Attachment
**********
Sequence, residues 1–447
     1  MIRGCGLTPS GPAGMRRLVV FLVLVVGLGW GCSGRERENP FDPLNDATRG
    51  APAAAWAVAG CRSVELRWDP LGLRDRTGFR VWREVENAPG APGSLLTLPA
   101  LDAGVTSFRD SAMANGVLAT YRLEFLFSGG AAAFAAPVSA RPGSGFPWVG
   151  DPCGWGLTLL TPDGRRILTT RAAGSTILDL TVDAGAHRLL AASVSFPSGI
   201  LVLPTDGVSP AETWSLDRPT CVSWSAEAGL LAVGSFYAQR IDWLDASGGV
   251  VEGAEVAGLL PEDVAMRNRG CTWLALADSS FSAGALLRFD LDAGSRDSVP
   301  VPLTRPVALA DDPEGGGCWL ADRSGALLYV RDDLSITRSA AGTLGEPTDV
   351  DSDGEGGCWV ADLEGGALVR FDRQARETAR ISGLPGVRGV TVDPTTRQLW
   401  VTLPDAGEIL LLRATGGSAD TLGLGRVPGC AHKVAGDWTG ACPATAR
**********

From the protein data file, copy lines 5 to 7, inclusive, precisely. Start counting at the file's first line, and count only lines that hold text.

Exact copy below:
   151  DPCGWGLTLL TPDGRRILTT RAAGSTILDL TVDAGAHRLL AASVSFPSGI
   201  LVLPTDGVSP AETWSLDRPT CVSWSAEAGL LAVGSFYAQR IDWLDASGGV
   251  VEGAEVAGLL PEDVAMRNRG CTWLALADSS FSAGALLRFD LDAGSRDSVP